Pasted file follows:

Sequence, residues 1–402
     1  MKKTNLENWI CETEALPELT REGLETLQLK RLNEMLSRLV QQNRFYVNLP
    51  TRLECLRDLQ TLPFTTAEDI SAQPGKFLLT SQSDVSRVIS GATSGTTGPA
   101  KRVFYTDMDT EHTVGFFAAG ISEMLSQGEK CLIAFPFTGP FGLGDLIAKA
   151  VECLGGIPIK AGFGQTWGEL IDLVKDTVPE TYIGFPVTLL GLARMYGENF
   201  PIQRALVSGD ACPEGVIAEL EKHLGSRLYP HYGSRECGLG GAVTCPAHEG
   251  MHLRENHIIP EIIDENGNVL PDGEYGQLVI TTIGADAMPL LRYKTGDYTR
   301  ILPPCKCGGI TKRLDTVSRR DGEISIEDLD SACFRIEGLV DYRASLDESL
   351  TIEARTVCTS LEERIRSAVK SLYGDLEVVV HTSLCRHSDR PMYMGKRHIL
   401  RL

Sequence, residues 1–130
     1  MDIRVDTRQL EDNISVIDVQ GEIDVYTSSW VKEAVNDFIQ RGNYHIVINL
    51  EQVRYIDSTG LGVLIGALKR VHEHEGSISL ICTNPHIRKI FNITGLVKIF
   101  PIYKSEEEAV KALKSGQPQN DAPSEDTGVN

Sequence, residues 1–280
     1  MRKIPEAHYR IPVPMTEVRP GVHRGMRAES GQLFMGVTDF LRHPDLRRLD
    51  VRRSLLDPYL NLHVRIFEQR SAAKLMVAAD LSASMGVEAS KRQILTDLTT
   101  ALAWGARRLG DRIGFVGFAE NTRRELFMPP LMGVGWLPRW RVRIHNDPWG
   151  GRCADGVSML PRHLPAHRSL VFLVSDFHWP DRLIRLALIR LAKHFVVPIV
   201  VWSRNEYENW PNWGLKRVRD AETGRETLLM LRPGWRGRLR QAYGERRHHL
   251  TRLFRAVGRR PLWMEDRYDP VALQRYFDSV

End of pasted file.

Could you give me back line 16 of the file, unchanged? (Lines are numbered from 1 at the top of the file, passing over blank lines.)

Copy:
     1  MRKIPEAHYR IPVPMTEVRP GVHRGMRAES GQLFMGVTDF LRHPDLRRLD